The flame that burns twice as bright burns half as long.
– Lao Tzu (Chinese Philosopher)

It’s been said, you can’t win the World Series of Poker Main Event on opening day, but you can sure lose it.  Still, a select few players have managed to leave an indelible mark on history based solely on how they performed on Day One.

In the 45-year history of poker’s World Championship, what player posted the most dominant opening day performance of all?  Records prior to the online era -- when live reporting became the norm -- are sketchy at best.  In fact, no end-of-day chip counts exist for the first thirty years or so of the Main Event.  Nonetheless, a number of familiar names and what they accomplished early on still jog some memories and are talked about years later.

Mori Eskandani, Executive Producer of Poker Productions, which oversees ESPN’s broadcast of the WSOP, has been attending (and occasionally playing in) the Main Event ever since the mid-1980s.  He remembers Bill Smith, the 1985 World Champion as the most domineering player in the tournament’s early stages.

“I saw Bill Smith play many times.  He didn’t have a lot of patience,” Eskandani recalled.  “I’m willing to bet Bill Smith had the biggest chip lead of anyone after the first day.”

Smith, a non-stop beer drinker, was reportedly at his very best when he was “a little tipsy,” according to six-time gold bracelet winner T.J. Cloutier, who ended up finishing as the runner in that 1985 event.  Smith reportedly started drinking beer early in the tournament and blitzed through the entire field.

Back then, the tournament lasted only three days.  In the 1990’s, due to the growth of the event, four playing days became necessary.  Now, the tournament runs much longer and even includes multiple starting days.

Other names mentioned as the best Day One performers include Don Williams, who was known as a reckless player at times, certainly capable of running up a big stack of chips.  Mike Laing is another player who was either out of the tournament early, or was atop the leader board at the end of the first day.  Laing led the field at least twice and made three deep runs, in 1995, 1996, and 1998.  However, he never reached the final table.  Then, there’s Robert “Chipburner” Turner.  True to his name, the Chipburner either blew his chips away during the first few levels of play or else had a monster stack.  He wasn’t interested in plodding along just to survive.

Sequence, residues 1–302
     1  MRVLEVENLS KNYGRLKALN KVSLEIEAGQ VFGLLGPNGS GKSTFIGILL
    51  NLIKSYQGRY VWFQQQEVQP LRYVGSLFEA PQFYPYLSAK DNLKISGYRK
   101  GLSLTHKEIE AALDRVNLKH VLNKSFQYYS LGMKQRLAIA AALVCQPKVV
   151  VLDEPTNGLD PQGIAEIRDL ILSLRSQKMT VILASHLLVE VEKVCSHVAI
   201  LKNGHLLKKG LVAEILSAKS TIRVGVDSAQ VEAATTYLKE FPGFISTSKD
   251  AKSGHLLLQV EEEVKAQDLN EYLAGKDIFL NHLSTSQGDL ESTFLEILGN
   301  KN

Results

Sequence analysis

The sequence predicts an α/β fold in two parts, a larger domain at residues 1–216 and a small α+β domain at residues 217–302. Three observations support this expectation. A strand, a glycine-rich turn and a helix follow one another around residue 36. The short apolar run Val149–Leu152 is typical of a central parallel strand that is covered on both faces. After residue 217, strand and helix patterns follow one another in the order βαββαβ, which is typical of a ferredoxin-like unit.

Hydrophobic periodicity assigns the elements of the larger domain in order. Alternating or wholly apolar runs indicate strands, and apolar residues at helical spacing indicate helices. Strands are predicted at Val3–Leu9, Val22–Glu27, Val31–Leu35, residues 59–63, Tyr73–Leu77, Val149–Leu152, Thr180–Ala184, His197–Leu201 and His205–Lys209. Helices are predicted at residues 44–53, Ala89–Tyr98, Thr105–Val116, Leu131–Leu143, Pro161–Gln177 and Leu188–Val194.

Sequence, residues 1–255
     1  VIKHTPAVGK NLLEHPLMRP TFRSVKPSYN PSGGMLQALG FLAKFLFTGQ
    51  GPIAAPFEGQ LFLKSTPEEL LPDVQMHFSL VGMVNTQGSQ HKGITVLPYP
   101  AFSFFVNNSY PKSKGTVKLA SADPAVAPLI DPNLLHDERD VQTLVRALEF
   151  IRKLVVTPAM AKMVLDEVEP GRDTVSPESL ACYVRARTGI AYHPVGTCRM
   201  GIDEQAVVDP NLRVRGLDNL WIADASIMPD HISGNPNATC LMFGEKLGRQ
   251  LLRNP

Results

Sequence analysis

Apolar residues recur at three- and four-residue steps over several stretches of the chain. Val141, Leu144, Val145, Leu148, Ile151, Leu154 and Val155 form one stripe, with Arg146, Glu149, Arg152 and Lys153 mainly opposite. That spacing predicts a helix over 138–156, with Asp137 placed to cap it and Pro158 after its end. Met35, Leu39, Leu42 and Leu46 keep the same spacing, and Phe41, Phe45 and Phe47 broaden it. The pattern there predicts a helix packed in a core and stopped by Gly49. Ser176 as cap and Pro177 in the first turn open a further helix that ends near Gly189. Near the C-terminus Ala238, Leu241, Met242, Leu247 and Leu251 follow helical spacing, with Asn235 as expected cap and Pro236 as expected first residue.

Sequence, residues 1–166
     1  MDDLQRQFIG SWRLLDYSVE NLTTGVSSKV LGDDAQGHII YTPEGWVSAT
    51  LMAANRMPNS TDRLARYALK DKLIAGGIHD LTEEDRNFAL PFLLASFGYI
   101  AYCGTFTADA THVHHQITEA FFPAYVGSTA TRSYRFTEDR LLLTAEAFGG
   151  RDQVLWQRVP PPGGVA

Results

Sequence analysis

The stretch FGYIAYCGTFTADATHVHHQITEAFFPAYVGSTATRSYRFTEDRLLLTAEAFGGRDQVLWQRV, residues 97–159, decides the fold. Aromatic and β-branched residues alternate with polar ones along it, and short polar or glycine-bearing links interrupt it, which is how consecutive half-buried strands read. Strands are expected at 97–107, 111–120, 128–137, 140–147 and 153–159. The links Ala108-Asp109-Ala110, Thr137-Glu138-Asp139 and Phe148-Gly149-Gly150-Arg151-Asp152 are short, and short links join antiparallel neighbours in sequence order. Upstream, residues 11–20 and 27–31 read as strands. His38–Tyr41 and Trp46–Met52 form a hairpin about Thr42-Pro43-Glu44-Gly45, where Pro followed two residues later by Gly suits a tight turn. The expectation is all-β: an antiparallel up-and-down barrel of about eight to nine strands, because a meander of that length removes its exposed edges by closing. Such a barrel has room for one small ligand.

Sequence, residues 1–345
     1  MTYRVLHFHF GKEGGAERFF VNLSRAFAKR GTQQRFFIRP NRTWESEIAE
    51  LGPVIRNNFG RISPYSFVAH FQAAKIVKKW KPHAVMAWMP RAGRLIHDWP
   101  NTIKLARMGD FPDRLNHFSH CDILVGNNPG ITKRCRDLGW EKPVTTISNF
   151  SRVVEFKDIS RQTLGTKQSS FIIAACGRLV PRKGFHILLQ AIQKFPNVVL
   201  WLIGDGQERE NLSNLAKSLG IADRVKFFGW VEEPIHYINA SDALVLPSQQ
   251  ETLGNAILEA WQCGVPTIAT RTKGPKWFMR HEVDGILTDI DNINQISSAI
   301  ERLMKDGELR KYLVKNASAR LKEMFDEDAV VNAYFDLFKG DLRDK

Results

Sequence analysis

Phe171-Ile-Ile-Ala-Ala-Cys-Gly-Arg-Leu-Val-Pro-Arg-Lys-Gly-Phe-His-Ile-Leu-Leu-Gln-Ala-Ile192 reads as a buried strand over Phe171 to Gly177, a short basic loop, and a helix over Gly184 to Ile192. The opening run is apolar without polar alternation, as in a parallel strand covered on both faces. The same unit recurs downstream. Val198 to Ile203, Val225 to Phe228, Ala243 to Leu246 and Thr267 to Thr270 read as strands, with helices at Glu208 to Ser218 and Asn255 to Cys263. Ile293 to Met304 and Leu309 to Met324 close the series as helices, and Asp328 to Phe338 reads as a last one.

Since poker’s modern age of reporting when chip counts are now known after Day One, the most notable name to lead after the starting playing session was television talk show host Montel Williams.  He dominated the first day of the 2007 WSOP.  However, his glory proved to be short lived, as the part-time poker enthusiast was eliminated on the following day, short of making the money.

That said, all others pale in comparison to John Bonetti mind-blowing early showing in the 1993 Main Event Championship.  The bombastic Brooklyn-born three-time gold bracelet winner enjoyed an opening day that every poker player dreams about.

Poker Hall of Fame inductee Mike Sexton remembered Bonetti’s memorable first day as follows:

"John Bonetti was the man in that tournament.  Back then, we started with ten thousand [chips].  He ended that first day with the biggest stack anyone’s ever seen.  He had over 200 thousand.  No one else even had 80,000.  It’s the biggest Day One lead I’ve ever seen in the history of the World Series of Poker.  It didn’t matter what he had, he would raise and somehow win the hand.  They would either fold, or if he got called, he outflopped everyone else.  I’ve never seen anything like it."

Back then, starting chip stacks were dollar for dollar.  So, each player began the tournament with 10,000 chips.  By the end of the first day, Bonetti had rocketed his stack up to 240,000.  Even more incredible was the fact there were only 220 entrants in the Main Event.  Hence, Bonetti ended the first of three starting days with 24 times his starting stack, representing more than ten-percent of the total chips in play.

Bonetti seemed destined for victory.  However, he was derailed at the final table and finished in third place, behind the winner Jim Bechtel.  Like so many other early sensations, the initial fire burned hot and bright, but eventually withered out.

In the modern era, we have only had one Day 1 chip leader go on to win the Main Event, Joe Cada in 2009.  Perhaps it is an omen he won his second bracelet this year and 2014 could be the day another big stack plays their way to a $10 million payday.